In conclusion, membrane association of HCV NS4B is mediated not only by transmembrane domains in its central part but also by determinants for membrane association in the N- (12) and C-terminal (this report; a very recent report by Liefhebber et al. indicating a role for electrostatic interactions in membrane association of this segment [17]) parts. Conserved hydrophobic residues in α-helix residues 229 to 253 are required for membrane association of this segment and the formation of a functional replication complex. Further studies are required to elucidate the mechanistic role of the NS4B C-terminal α-helix in HCV RNA replication and to resolve the complete membrane topology and structure of NS4B.

Protein structure accession numbers.

The atomic coordinates of NS4B[227-254] and the NMR restraints in 50% TFE are available in the Research Collaboratory for Structural Bioinformatics Protein Data Bank under accession code 2KDR. The proton chemical shifts of all residues have been deposited in the BioMagResBank under accession number 16122.

Supplementary Material

[Supplemental material]

Acknowledgments

We gratefully acknowledge Philippe Roingeard for sharing unpublished data, Pantxika Bellecave for discussions, Ralf Bartenschlager, Jan Albert Hellings, and Charles M. Rice for reagents, and Eric Diesis for peptide synthesis. CD experiments were performed on the platform Production et Analyse de Protéines of the IFR 128 BioSciences Gerland-Lyon Sud.

This work was supported by the Swiss National Science Foundation (grants 3100A0-107831 and 3100A0-122447), the Swiss Cancer League/Oncosuisse (grant OCS-01762-08-2005), the French Centre National de la Recherche Scientifique (CNRS), the Agence Nationale pour la Recherche sur le SIDA et les Hépatites Virales (ANRS), the program Biotherapeutics of Lyon Biopole, and the European Commission through the EMBRACE project (LHSG-CT-2004-512092).

Footnotes

[down-pointing small open triangle]Published ahead of print on 19 August 2009.

Supplemental material for this article may be found at http://jvi.asm.org/.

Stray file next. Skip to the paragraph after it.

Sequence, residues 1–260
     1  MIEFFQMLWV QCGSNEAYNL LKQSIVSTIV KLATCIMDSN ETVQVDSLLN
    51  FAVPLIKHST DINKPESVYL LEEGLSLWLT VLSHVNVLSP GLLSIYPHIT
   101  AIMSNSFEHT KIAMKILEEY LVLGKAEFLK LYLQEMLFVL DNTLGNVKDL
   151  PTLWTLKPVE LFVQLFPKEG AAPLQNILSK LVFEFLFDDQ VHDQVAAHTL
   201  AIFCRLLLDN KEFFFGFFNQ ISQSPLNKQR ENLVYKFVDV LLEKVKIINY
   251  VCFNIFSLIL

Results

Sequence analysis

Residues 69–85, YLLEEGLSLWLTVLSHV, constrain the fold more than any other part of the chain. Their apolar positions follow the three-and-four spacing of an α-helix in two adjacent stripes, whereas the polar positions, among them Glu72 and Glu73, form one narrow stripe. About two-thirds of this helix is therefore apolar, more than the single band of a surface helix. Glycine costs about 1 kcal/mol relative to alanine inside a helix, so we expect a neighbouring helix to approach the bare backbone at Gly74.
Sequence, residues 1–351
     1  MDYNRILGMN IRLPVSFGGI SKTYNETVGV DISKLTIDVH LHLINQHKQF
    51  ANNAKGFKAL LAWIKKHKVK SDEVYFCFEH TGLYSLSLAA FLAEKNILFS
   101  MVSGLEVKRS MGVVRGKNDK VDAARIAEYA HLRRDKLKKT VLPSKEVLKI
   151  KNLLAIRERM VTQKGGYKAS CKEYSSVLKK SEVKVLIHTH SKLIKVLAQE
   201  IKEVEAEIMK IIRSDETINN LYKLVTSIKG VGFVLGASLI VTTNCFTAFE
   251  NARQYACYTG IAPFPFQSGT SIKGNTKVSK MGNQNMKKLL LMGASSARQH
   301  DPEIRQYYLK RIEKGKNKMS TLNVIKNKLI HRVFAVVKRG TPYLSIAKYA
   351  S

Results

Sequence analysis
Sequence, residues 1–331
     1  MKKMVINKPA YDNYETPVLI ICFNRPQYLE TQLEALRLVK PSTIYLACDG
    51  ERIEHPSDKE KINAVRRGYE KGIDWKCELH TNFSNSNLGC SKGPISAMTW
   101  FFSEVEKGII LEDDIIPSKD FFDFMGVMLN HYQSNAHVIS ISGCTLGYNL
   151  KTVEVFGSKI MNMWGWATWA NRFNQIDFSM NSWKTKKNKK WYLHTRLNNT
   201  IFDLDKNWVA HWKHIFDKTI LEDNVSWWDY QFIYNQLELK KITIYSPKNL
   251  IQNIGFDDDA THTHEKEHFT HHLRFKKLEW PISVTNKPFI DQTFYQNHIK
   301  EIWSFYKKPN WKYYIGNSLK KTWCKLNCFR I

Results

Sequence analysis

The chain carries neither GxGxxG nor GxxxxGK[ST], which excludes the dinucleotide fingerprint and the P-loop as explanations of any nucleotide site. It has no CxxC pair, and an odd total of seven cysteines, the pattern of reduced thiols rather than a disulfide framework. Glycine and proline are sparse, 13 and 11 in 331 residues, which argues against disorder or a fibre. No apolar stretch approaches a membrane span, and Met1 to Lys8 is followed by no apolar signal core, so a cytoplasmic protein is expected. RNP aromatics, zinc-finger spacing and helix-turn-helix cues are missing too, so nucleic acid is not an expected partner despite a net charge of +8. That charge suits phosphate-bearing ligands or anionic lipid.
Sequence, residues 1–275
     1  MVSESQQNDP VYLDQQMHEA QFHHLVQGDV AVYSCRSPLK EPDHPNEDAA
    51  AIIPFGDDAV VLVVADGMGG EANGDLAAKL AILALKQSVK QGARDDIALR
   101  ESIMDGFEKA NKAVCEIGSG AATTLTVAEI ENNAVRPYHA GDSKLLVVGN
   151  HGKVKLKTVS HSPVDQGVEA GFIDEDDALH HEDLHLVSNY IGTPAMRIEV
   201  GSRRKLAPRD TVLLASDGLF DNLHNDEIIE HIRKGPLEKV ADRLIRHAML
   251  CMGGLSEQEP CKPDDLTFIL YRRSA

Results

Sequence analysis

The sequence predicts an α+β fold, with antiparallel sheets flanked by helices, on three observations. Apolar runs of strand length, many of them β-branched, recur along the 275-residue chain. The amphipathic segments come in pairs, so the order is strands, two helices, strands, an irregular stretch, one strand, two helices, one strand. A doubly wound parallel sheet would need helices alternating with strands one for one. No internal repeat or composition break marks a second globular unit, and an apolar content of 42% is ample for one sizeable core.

REFERENCES

1. Binder, M., D. Quinkert, O. Bochkarova, R. Klein, N. Kezmic, R. Bartenschlager, and V. Lohmann. 2007. Identification of determinants involved in initiation of hepatitis C virus RNA synthesis by using intergenotypic replicase chimeras. J. Virol. 81:5270-5283. [PMC free article] [PubMed]
2. Brass, V., J. M. Berke, R. Montserret, H. E. Blum, F. Penin, and D. Moradpour. 2008. Structural determinants for membrane association and dynamic organization of the hepatitis C virus NS3-4A complex. Proc. Natl. Acad. Sci. USA 105:14545-14550. [PubMed]
3. Brass, V., E. Bieck, R. Montserret, B. Wölk, J. A. Hellings, H. E. Blum, F. Penin, and D. Moradpour. 2002. An aminoterminal amphipathic alpha-helix mediates membrane association of the hepatitis C virus nonstructural protein 5A. J. Biol. Chem. 277:8130-8139. [PubMed]
4. Combet, C., C. Blanchet, C. Geourjon, and G. Deléage. 2000. NPS@: network protein sequence analysis. Trends Biochem. Sci. 25:147-150. [PubMed]
5. Cornilescu, G., F. Delaglio, and A. Bax. 1999. Protein backbone angle restraints from searching a database for chemical shift and sequence homology. J. Biomol. NMR 13:289-302. [PubMed]
6. Drin, G., J. F. Casella, R. Gautier, T. Boehmer, T. U. Schwartz, and B. Antonny. 2007. A general amphipathic alpha-helical motif for sensing membrane curvature. Nat. Struct. Mol. Biol. 14:138-146. [PubMed]
7. Egger, D., B. Wölk, R. Gosert, L. Bianchi, H. E. Blum, D. Moradpour, and K. Bienz. 2002. Expression of hepatitis C virus proteins induces distinct membrane alterations including a candidate viral replication complex. J. Virol. 76:5974-5984. [PMC free article] [PubMed]
8. Einav, S., M. Elazar, T. Danieli, and J. S. Glenn. 2004. A nucleotide binding motif in hepatitis C virus (HCV) NS4B mediates HCV RNA replication. J. Virol. 78:11288-11295. [PMC free article] [PubMed]
9. Einav, S., D. Gerber, P. D. Bryson, E. H. Sklan, M. Elazar, S. J. Maerkl, J. S. Glenn, and S. R. Quake. 2008. Discovery of a hepatitis C target and its pharmacological inhibitors by microfluidic affinity analysis. Nat. Biotechnol. 26:1019-1027. [PubMed]
10. Elazar, M., P. Liu, C. M. Rice, and J. S. Glenn. 2004. An N-terminal amphipathic helix in hepatitis C virus (HCV) NS4B mediates membrane association, correct localization of replication complex proteins, and HCV RNA replication. J. Virol. 78:11393-11400. [PMC free article] [PubMed]
11. Gosert, R., D. Egger, V. Lohmann, R. Bartenschlager, H. E. Blum, K. Bienz, and D. Moradpour. 2003. Identification of the hepatitis C virus RNA replication complex in Huh-7 cells harboring subgenomic replicons. J. Virol. 77:5487-5492. [PMC free article] [PubMed]
12. Gouttenoire, J., V. Castet, R. Montserret, N. Arora, V. Raussens, J. M. Ruysschaert, E. Diesis, H. E. Blum, F. Penin, and D. Moradpour. 2009. Identification of a novel determinant for membrane association in hepatitis C virus nonstructural protein 4B. J. Virol. 83:6257-6268. [PMC free article] [PubMed]